By 1996, he was among the serious contenders for Prime Minister. Once V P Singh and Jyoti Basu refused to be PM, he was offered the office which he politely declined. He was then made the convenor of the United Front, the ruling coalition of 23 parties. He wielded enormous power. But the rise of the Congress' YSR in Andhra eclipsed him and the man who created Brand Hyderabad was sidelined till he won the assembly election in 2014 and returned as Chief Minister, though of a divided Andhra Pradesh.
Signs of his renewed strength have been on display this weekend. He successfully forced Narendra Modi and Amit Shah to launch an outreach to ensure he remains in alliance with the BJP. His timing was perfect. The BJP has just faced a humiliating loss in three by-elections in Rajasthan, a state where it won every seat in 2014. Note that Naidu did not rush in after December's Gujarat results which were considered a defeat in victory for the BJP. He struck when he was sure that BJP's strongmen were vulnerable.
Naidu planted stories in the media that he was unhappy with the way Andhra's claim for extra funds were ignored in the annual budget. Then he publicly called Shiv Sena boss Uddhav Thackeray, who has declared he will not contest the next state or general election with the BJP. The phone call showed Naidu too was fed up with the BJP. It is true that the local BJP unit has been troubling Naidu with severe criticism of his government for some time; it has also indicated a warming up to Naidu's arch rival, Jaganmohan Reddy, who is YSR's son.
Naidu waited to revolt because he knows Modi is too stubborn and too powerful to give in to his tantrums. Once it was clear from first Gujarat and then Rajasthan that Modi's popularity may have dipped, he made his move - but he let the Sena go first. Now Modi and his party are cornered. They can't afford to lose Naidu, a trusted ally. It would send the wrong message at a time of perceived vulnerability.
For Modi, 2017 started with big bang victories in UP and Uttarakhand; the BJP was able to manipulate its way into forming the governments in Goa and Mizoram though it was not the single-largest part in either state. These gains led to the conclusion that the 2019 general election would be a cake walk for Modi and and opposition should plan for 2024. But since July, there's been a thinning of Modi's sheen. Social media and WhatsApp saw new criticism of him over incidents like the riots in Haryana after the sentencing of spiritual guru Gurmeet Ram Rahim Singh, the messy implementation of the GST, increasing rural distress, faltering economic growth, joblessness and unabated rowdiness of fringe Hindutva elements. Gujarat proved that he was no longer a formidable force. And if he could be made to struggle in his own den, then he could be tamed too.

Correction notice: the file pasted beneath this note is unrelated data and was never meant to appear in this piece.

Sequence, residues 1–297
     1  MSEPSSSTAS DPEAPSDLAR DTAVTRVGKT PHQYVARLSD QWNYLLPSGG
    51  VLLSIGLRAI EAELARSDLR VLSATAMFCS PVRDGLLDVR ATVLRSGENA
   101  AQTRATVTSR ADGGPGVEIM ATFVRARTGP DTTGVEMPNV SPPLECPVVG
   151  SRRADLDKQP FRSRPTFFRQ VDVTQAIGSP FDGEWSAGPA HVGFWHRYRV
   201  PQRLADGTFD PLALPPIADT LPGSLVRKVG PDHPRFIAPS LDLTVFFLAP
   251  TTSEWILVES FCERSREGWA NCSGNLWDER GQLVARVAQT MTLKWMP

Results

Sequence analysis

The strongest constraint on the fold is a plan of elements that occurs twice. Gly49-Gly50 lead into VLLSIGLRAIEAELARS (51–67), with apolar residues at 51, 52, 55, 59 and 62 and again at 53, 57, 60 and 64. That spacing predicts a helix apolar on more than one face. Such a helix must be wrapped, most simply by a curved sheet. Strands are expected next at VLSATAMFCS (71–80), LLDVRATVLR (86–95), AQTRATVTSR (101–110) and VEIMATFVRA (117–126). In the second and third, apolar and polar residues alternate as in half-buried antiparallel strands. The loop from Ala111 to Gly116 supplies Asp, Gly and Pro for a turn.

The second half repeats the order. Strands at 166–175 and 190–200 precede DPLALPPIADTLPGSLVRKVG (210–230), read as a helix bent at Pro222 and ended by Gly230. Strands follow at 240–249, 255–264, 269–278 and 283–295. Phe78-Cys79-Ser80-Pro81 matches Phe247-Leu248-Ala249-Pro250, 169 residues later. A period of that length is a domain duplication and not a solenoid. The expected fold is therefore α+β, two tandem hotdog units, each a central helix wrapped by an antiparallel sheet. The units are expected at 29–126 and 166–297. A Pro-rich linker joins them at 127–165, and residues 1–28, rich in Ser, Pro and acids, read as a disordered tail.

The Shiv Sena was the first one to say it wants out - though it is not exiting the Maharashtra government. Its open declaration of its intent to contest elections alone was a bold move. It signalled to other BJP allies that it's worth reconsidering the current arrangement. The Sena, however, is not a strong force and its rant was seen as overstating its hand. But the TDP is a serious ally. And if two allies decide to leave Modi and the BJP, it will be a first-rate public relation disaster at a time when the general election is approaching quickly.
For Modi to get a second term, he must successfully campaign in three major assembly elections later this year. Let's not forget it was a massive win by the BJP in Madhya Pradesh, Chhattisgarh and Rajasthan in 2013 which set the tone for the 2014 sweep. It was a signal to the world that the Congress was losing public support and that the BJP was riding high in public perception. Modi's personal dynamism, organisational skill and hands-on management of the campaign ensured his victory. Now, if the perception is that allies are leaving him, Modi's campaign will be dented.
Naidu has agreed to not back out of the alliance just yet, but if the TDP makes it clear that it's not averse to walking, a few others can also entertain the idea of exploring the possibility of an alternative. That could make Rahul Gandhi an exciting proposition. Modi is too shrewd to ignore this. He knows that after the United Front dithered in 1998, some of its constituents moved over to the BJP. Naidu was one of them. It was Naidu who had demanded Modi's resignation after the 2002 Gujarat riots, but he had no qualms in praising Modi in 2014. Leaders like Naidu are quick to change colours. Can Modi afford that? Not at this time.
(Ashutosh joined the Aam Aadmi Party in January 2014.)
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